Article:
Clinical Commissioning Groups
Hospital acquired infections
Organisation for Economic Co-operation and Development
Preferred Reporting Items for Systematic Reviews and Meta-Analyses
Rapid evidence assessment
Sustainable Development Goals
Universal health coverage
World Health Organization
Senkubuge F, Modisenyane M, Bishaw T. Strengthening health systems by health sector reforms. Glob Health Action. 2014;7(1):23568.
World Health Organization, Global Health Workforce Alliance. Human resources for health: foundation for universal health coverage and the post-2015 development agenda. Report of the Third Global Forum on Human Resources for Health, 2013 November 10–13. Recife, Brazil: WHO; 2014.
Reich MR, Harris J, Ikegami N, Maeda A, Cashin C, Araujo EC, et al. Moving towards universal health coverage: lessons from 11 country studies. Lancet. 2016;387(10020):811–6.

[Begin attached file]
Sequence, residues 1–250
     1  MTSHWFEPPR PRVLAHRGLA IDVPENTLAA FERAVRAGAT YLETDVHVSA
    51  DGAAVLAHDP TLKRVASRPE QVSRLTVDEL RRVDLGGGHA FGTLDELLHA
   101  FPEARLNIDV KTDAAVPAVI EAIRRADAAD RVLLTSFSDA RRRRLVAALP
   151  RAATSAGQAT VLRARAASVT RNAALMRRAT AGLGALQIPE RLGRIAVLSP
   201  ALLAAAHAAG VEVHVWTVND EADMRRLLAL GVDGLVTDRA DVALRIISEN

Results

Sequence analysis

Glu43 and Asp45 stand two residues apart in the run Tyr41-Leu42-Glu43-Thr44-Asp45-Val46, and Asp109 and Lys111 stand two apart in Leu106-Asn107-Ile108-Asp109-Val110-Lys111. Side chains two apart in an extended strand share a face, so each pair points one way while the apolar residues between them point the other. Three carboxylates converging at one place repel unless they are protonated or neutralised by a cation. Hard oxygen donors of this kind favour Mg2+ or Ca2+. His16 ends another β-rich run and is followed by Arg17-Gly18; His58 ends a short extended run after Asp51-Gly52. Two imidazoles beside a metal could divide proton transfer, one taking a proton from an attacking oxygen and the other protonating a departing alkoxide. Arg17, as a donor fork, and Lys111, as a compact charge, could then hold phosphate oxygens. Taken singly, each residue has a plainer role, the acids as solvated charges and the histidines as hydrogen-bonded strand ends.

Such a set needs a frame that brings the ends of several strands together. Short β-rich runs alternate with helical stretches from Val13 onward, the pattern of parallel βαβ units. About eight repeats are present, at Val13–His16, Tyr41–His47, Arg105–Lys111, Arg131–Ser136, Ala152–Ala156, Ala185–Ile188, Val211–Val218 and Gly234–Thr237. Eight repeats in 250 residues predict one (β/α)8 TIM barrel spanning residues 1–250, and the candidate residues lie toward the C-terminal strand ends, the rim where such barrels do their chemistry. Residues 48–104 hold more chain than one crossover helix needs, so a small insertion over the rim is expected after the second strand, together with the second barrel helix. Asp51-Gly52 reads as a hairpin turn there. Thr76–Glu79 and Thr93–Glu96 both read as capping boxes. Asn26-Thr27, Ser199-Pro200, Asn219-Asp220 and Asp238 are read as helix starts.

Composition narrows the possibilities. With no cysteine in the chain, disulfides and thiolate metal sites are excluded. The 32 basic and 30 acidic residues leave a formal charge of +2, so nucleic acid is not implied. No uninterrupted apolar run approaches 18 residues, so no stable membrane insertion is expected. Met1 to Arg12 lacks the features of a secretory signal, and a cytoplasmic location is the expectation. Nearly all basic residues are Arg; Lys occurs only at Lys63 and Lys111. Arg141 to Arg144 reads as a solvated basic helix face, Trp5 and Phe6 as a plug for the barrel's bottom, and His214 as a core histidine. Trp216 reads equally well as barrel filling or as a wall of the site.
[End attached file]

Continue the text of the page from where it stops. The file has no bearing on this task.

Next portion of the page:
World Health Organisation. Working together for health: the world health report 2006: policy briefs. Geneva: World Health Organisation; 2006.
West M, Dawson J. Employee engagement and NHS performance. London: King's Fund; 2012.
World Health Organization. Global strategy on human resources for health: workforce 2030. Geneva: World Health Organisation; 2016.
Reich MR, Javadi D, Ghaffar A. Introduction to the special issue on “effective leadership for health systems”. Health Syst Reform. 2016;2(3):171–5.
Waddington C, Egger D, Travis P, Hawken L, Dovlo D, World Health Organization. Towards better leadership and management in health: report of an international consultation on strengthening leadership and management in low-income countries, 29 January-1 February. Ghana: Accra; 2007.
World Health Organization. Quality of care: a process for making strategic choices in health systems. Manila: WHO Regional Office for the Western Pacific; 2006.